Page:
It has been claimed that the Betley window is the oldest surviving English depiction of morris dancers, but the revelation that it dates to after 1550 at the very earliest, and the uncertainty surrounding the age of the Lancaster panel, make that claim somewhat shaky. Moreover, since both the window and the panel are derived from a German engraving, they can barely be considered ‘English’ depictions of morris dancers, despite being made (presumably) in England. However, the Altarnun dancers do not appear to have been derived from any known earlier source, and can reasonably be dated to earlier than 1550.
One of the other bench ends at Altarnun bears a date. It is much worn, but the first two numerals, MD can clearly be seen, followed by the remains of an X. There is room for perhaps two more numerals in the remaining space, but no clear indication of what they might have been if they ever existed. However, a Roman numeral date of MDX?? must date the bench ends to some time between 1510 and 1545, or some time in the 1590s. However, the vicar of Altarnun is also named on the bench end as Willyam Bokkingham , and from 1571 until his death in 1600 William Beard held the living of the church, so we can discount a possible date in the 1590s with some certainty. Furthermore, by 1540 John Dun was the vicar or Altarnun, so the bench ends must be of an earlier date.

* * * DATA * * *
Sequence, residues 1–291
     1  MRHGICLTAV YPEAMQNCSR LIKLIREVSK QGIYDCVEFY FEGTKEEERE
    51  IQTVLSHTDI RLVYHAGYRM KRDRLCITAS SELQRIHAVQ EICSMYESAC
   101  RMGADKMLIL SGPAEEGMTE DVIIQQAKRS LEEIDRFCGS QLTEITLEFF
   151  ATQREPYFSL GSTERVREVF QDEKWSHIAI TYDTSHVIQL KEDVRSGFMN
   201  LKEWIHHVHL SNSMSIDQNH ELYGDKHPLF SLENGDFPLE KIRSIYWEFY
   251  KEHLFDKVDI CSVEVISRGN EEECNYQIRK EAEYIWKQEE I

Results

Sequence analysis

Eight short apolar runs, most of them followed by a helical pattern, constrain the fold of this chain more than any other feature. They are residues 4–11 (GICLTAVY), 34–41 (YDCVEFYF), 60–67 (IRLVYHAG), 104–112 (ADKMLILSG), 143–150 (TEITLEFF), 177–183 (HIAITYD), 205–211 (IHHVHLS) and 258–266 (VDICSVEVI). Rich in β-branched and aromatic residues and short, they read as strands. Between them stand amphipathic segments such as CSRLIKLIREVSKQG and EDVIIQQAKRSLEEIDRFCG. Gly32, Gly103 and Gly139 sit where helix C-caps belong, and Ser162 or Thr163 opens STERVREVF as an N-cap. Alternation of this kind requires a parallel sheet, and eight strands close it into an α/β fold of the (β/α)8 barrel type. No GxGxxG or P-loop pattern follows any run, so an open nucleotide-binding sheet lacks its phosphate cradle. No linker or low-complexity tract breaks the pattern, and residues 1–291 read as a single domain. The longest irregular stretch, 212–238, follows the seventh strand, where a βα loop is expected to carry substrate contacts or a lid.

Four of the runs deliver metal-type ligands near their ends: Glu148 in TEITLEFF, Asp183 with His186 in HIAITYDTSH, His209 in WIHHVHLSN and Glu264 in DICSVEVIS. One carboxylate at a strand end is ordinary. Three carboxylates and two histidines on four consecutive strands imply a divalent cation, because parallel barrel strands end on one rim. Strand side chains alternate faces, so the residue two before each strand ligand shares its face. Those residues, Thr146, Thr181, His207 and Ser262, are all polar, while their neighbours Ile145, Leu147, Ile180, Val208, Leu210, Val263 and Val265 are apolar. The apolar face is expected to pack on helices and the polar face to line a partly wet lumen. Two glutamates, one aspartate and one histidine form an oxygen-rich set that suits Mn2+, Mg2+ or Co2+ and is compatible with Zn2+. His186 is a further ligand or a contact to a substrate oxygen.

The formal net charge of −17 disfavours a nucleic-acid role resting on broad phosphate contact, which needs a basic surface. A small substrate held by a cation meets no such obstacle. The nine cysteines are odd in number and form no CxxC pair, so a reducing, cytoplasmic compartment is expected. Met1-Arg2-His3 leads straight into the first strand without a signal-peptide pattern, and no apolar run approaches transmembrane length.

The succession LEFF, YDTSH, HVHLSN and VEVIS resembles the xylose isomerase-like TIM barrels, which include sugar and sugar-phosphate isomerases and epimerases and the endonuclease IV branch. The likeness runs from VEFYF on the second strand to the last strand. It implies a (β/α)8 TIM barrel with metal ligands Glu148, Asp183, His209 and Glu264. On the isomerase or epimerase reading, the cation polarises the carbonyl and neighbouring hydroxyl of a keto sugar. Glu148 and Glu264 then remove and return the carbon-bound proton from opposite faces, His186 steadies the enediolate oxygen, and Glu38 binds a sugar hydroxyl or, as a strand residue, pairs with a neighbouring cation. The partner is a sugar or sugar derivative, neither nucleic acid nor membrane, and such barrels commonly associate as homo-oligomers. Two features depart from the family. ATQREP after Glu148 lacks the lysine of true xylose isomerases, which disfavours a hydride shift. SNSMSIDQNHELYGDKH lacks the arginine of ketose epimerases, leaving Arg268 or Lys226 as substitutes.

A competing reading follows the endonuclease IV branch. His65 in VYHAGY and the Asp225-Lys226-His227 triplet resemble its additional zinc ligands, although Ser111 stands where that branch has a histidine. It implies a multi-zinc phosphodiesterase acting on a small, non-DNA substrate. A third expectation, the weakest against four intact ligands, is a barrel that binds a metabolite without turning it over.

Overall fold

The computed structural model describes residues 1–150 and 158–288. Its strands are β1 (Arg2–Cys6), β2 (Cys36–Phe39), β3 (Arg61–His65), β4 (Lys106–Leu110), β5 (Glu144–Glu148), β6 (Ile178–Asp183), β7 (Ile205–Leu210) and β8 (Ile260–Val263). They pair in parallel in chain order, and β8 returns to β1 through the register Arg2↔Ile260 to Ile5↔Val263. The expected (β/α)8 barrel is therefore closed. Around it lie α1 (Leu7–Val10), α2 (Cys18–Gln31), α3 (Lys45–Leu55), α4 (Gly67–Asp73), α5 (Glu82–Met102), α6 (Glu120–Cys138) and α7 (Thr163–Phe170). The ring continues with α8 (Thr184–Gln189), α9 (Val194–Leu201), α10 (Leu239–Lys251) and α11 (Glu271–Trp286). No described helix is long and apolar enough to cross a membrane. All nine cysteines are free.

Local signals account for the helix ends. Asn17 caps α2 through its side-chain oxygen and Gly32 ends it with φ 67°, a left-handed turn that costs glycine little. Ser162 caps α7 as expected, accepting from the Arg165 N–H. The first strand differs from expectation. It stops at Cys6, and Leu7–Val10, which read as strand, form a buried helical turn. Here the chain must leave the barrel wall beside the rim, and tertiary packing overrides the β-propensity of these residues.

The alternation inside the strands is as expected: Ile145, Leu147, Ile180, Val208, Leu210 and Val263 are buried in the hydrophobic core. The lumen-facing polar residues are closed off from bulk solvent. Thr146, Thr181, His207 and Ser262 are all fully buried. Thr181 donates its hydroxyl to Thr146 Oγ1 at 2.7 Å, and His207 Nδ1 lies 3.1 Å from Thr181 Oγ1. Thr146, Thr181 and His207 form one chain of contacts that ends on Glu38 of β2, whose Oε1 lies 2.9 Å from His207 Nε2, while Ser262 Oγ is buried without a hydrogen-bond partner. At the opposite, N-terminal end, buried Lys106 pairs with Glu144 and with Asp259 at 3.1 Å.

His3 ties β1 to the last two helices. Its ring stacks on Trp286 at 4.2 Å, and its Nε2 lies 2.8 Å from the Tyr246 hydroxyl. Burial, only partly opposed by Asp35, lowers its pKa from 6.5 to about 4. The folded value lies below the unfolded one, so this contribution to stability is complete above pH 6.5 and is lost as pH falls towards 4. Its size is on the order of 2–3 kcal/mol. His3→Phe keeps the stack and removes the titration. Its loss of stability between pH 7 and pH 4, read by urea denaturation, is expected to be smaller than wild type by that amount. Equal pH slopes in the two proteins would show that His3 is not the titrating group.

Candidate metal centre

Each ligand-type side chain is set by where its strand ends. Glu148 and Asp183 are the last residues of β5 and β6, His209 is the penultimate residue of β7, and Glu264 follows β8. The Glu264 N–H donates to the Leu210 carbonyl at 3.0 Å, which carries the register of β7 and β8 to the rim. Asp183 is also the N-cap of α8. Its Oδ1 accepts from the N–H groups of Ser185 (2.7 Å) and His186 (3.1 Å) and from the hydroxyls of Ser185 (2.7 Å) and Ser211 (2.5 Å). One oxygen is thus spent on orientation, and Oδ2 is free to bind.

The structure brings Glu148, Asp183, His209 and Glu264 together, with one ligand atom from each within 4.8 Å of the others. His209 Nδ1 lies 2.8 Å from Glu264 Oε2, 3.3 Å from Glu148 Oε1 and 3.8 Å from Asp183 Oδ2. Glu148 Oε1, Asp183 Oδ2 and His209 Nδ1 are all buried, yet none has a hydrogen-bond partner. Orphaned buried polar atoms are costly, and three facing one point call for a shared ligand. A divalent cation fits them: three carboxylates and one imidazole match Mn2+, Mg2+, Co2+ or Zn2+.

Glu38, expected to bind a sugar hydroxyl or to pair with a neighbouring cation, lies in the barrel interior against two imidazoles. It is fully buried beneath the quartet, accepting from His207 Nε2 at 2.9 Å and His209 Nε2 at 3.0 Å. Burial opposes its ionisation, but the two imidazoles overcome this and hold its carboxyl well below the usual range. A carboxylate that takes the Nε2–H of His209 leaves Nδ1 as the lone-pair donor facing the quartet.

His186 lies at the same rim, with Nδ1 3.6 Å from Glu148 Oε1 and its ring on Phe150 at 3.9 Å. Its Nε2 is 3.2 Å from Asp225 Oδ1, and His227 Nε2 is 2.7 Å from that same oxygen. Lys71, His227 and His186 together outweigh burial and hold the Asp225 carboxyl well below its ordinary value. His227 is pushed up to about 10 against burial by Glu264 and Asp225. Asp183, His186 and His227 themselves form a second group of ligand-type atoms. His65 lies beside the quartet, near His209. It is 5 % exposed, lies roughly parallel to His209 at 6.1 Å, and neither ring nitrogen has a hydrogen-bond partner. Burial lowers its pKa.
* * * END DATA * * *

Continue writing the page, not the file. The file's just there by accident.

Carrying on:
This means, in fact, that the figures on the Altarnun bench ends are the oldest surviving depiction of English morris dancers.
With thanks to Edmund Simons for pointing out the gouge marks on the Lancaster panel and the possibility that the figure had been altered.